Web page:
Several hundred growers, catchers, plant workers and faith community members gathered at Epworth Methodist Church in Candler Park to tell stories of systematic abuses by the largest and fastest-growing segment of agriculture in Georgia, the poultry industry. They're asking Congress to institute a fair living wage, ensure safe processing plants, allow workers to organize without reprisal, enforce and strengthen state and federal laws and take responsibility for the environmental impact of the poultry industry.
Rep. John Lewis flew into town for the hearing, accompanied by Maryland Congressman Wayne Gilchrest. Rep. Cynthia McKinney, Sen. Max Cleland and the Rev. Jesse Jackson sent representatives.
Thirty-three plants call Georgia home, tying us for first-place in the nation with Arkansas in poultry processing. Five of the top 10 producers are located here. The industry reached the $13 billion a year mark in 1999, and the workers testifying said it was as a result of cheating growers, endangering catchers and truck drivers and intimidating plant workers,
"We've been trying to reform the industry for years," said attorney Justine Thompson, a member of the Georgia Poultry Justice Alliance. "They're too strong."
While industry profits have risen over 300 percent since 1987, the people who help put chicken on the dinner table have not shared in the prosperity, panelists were told. With domination of market share by a few companies like Tyson, Perdue, ConAgra and Goldkist (none of whom returned our calls), said those testifying, growers have little choice when presented with take-it-or-leave-it contracts.
At $130,000 per chicken house, amortized over 10 years to pay off mortgages, retired grower and math professor Herb Robinson said it is now impossible to make money.
Patrick Nugent saw 10 years of his family's hard work go by without a profit when, he said, Goldkist canceled his contract without warning or reason. "I feel grossly inadequate as a man," said Nugent. "I saw this happen to other farmers and they walked away. I can't do that."
Those assembled said that catchers who collect the chickens and load them into trucks fare no better. Often rising at 2 a.m., the catchers receive no overtime or benefits. Industry pay averages $2 for each 1,000 chickens caught. While hours and responsibilities have increased over the past decade, pay has decreased from $112 a day to $94. Over 60 percent of catchers eventually suffer from respiratory infections.
With long days of waiting on catchers to load the trucks and multiple trips, truck driver Curates Holcomb said exhausted drivers aren't allowed breaks or even a stop for a drink.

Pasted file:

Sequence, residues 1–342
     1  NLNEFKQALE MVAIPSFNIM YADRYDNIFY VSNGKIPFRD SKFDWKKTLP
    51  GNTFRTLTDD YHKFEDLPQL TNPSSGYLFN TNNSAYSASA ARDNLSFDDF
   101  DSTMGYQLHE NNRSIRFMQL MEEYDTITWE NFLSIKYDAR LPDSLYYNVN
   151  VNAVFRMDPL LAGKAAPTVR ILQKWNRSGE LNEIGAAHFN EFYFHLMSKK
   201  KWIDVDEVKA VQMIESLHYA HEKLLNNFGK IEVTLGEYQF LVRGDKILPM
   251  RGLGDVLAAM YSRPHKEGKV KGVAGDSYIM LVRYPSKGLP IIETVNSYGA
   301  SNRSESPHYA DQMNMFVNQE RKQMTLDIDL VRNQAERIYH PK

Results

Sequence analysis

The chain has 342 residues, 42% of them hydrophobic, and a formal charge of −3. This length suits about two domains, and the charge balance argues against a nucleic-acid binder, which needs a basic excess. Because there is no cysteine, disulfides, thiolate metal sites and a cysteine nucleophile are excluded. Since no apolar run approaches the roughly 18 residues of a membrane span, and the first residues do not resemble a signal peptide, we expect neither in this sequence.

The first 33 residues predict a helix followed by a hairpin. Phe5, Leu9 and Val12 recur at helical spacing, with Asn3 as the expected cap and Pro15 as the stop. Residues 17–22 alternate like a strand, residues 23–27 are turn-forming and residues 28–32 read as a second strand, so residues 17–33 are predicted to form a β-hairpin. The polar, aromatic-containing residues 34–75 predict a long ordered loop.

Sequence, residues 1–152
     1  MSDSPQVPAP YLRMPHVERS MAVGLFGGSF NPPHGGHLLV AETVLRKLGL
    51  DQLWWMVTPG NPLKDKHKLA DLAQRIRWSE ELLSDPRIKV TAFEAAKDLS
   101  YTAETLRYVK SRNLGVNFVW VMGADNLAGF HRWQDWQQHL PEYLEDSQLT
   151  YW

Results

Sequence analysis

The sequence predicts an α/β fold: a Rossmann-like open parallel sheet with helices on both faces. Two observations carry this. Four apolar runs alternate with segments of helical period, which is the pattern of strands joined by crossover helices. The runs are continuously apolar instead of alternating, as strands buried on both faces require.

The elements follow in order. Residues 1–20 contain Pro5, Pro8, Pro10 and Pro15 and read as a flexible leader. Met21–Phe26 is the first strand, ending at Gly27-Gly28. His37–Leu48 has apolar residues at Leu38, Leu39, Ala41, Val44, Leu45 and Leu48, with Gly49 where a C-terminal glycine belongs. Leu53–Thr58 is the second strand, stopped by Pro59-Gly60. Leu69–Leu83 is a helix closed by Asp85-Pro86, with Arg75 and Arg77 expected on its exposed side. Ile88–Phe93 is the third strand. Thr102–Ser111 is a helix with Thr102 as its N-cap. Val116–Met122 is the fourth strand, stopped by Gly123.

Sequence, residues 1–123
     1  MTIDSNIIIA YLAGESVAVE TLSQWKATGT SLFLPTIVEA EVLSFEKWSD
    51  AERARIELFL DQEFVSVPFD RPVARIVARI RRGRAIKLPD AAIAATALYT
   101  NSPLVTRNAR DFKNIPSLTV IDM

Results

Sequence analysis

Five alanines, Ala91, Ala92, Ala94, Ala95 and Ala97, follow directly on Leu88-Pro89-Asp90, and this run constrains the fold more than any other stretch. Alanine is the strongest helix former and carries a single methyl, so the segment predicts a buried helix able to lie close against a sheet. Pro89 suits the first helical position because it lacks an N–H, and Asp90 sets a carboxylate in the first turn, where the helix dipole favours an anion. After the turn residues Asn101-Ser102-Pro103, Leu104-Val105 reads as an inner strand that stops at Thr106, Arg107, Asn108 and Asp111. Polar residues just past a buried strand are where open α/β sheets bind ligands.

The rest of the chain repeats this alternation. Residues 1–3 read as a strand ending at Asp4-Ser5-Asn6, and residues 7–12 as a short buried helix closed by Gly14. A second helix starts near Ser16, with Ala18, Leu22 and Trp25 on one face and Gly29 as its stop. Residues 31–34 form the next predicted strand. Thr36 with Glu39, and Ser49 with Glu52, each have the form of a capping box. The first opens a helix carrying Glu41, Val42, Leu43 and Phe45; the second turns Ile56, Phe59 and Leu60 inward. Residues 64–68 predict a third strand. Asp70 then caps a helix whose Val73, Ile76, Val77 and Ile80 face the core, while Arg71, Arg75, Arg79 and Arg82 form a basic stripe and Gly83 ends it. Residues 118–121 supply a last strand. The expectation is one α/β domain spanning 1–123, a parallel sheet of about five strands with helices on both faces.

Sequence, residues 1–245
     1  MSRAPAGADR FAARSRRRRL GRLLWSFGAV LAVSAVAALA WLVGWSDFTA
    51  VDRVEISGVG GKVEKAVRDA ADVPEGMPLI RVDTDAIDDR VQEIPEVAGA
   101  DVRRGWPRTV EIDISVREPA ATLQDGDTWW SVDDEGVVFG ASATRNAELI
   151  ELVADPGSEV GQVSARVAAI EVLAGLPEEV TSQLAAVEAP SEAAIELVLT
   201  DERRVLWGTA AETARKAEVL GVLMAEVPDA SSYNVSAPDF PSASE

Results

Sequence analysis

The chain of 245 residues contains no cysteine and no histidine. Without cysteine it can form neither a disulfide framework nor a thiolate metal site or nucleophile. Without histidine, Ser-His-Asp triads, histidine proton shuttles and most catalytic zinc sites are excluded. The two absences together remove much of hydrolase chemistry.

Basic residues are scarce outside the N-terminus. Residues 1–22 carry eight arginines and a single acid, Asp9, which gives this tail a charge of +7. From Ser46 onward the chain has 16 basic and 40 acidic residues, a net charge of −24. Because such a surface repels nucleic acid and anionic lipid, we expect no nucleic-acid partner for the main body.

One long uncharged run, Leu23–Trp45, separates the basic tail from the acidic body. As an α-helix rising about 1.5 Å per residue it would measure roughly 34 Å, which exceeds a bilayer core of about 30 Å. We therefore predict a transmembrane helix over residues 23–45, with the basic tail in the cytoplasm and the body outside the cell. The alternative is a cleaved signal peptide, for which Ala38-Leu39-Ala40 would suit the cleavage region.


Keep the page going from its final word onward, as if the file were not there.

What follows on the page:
And at the plants, said the workers, the labor abuses continue.
Carol Hubbard has worked at the ConAgra plant in Athens for 23 years. "You stand on your feet 10 hours a day, in the cold, snapping chicken parts between your fists 90 times a minute," she said. "I've seen the line go from 60 to 70 to 90 chickens a minute. Now they're talking about 140. I might be fired tomorrow, but it's not about me anymore, it's not about ConAgra, it's about the workers' safety."
When Billie James' foot was hit by a pallet jack at Tyson, she says the doctor told her to elevate it but was transferred to picking up trash in the parking lot. "I couldn't do it, and I lost my job," cried the mother of two. "If it wasn't for God and my mother, I don't know what I would do."
Robin Dills worked in Goldkist's Ellijay plant skinning chicken breasts. With 25 fellow employees all reportedly fired for pro-union activity standing behind her, she recounted how she developed carpal tunnel syndrome and was immediately let go.
It is no accident that half of the industry's employees nationwide are Hispanic, said Jose Commacho. "They cheat us because we can't speak English."
When he broke his left foot and suffered a serious head injury at Tyson, he says he was fired before he left the emergency room.
"Why aren't you helping us?" shouted one grower to the congressional panel.
Responded Lewis, "I'm going to talk with my colleagues and see what we have to do to come up with the proper legislation. Never ever give up, never ever give in. I pledge to you I will try to do something to help."
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